Of all the sins that seem really indispensable to human interaction, surely lying tops the list. A world in which literally no one lied is unimaginable. It’s not even clear whether we could agree what, in particular circumstances, would constitute lying. It is one of the first skills children learn, and even some animals appear capable of doing it. While the bible condemns lying in no uncertain terms, it also appears to permit it under certain circumstances. Abraham liedtwice—about his wife Sarah because he was afraid. Yet God intervened to save them—and to keep the bloodline pure—both times. In fact, the Old Testament is rife with stories of heroes lying to protect themselves, and there appear to be no bad consequences. Yet God gives this command: “You shall not give false testimony against your neighbor.”

Hmm. That’s interesting. Instead of a blanket prohibition on lying, there is a much narrower prohibition against giving false testimony against a neighbor. It is narrower because it implies a context of justice. Someone empowered to adjudicate a dispute is trying to get factual information about it. It is in this context that lying is prohibited. This is also why the Law required multiple testimonies to establish guilt. Where one person might have a motive to lie, two or three likely would not. This kind of lying can have deadly consequences.

Consider the story of Naboth’s vineyard. Ahab, king of Israel, wants Naboth’s vineyard because it adjoins his own land and produces good grapes. Naboth refuses to sell because the vineyard is part of his family’s inheritance, handed down from father to son since Israel first took possession of Canaan. So Ahab does what any wicked leader does when he doesn’t get what he wants. He sulks. He pouts. He refuses to get out of bed. His wife, Jezebel inquires about what’s wrong. Upon learning the cause of his sullenness, she taunts him. “Aren’t you a king?” she asks. “I’ll get you your vineyard.” She sits down and writes letters to the leaders of the town where Naboth lives. She tells them to throw a party for Naboth, but invite two scoundrels who will wait until everyone is a little drunk and then accuse Naboth of blasphemy and treason. Then they were to take Naboth out and stone him and let her know when the deed was done. The leaders do just as Jezebel asked. Once Naboth is dead she takes his vineyard for the king. To the common people it looks like a case of justice catching up with Naboth instead of cold-blooded murder.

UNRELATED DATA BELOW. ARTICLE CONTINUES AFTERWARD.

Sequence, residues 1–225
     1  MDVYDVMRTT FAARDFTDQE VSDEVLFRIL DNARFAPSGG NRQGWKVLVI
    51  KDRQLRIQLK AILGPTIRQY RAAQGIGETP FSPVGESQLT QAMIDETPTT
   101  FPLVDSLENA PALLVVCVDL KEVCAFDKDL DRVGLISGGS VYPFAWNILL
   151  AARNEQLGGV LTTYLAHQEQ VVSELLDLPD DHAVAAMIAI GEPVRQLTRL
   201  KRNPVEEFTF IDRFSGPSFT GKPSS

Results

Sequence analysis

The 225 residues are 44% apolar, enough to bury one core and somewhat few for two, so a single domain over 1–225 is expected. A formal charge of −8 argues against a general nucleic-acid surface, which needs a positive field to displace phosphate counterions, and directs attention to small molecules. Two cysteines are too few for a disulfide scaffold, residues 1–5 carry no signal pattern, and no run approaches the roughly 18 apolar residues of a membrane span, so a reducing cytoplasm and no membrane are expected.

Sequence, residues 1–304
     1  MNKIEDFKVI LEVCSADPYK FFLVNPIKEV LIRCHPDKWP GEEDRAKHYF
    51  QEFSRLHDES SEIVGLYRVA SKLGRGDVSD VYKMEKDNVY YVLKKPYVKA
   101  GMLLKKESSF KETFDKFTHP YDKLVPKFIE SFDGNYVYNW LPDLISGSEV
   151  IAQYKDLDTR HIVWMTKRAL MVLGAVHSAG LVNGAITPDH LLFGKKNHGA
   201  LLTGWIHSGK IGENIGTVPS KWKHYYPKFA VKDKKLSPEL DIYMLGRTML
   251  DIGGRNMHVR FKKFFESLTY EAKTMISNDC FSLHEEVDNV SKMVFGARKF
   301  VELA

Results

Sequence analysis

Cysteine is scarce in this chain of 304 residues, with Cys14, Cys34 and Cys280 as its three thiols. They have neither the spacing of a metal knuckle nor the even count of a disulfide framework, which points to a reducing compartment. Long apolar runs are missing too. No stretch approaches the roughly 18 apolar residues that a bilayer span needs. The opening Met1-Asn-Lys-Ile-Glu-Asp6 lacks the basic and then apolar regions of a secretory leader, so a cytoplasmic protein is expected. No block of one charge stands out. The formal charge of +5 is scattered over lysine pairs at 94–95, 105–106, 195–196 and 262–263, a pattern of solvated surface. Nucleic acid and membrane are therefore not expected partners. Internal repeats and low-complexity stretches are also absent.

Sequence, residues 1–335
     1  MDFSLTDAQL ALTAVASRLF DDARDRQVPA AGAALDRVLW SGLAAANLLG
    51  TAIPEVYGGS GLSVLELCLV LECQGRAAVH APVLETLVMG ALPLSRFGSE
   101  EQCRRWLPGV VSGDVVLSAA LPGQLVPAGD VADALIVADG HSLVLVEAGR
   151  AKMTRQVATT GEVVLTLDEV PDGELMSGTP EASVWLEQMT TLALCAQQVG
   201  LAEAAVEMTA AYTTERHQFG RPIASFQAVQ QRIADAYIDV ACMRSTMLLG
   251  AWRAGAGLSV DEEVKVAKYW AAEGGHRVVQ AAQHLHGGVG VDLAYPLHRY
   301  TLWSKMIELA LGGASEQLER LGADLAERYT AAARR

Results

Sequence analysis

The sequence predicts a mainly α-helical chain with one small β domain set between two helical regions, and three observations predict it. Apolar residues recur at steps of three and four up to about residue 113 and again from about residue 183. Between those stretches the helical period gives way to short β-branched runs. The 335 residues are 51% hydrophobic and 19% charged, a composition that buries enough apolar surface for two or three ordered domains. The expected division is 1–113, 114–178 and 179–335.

Think this can’t happen now? Then I invite you to consider the case of Farkhunda Malikzada, a young Afghan woman in Kabul who was falsely accused of burning a Qur’an. Within minutes she was fighting for her life. A few minutes more and the mob had beaten her to death and set fire to her body—all because of lies told by wicked people who held a grudge against her.

These are lies told with the intent of harming or defaming someone. These are lies told in a context that inflames outrage and leads to mob violence resulting in death. The kind of lies prohibited by the commandment are not the little social lies we tell to people we don’t care about, nor are they the self-protective or self-aggrandizing lies we tell to escape censure or obtain approbation. They are lies told to harm someone else. I don’t mean to imply that harmless lies—if there are such things—are somehow blameless. Rather, to qualify as a lie prohibited on God’s top ten list, it has to be a lie that is intended to harm a neighbor. It has to be slander or defamation.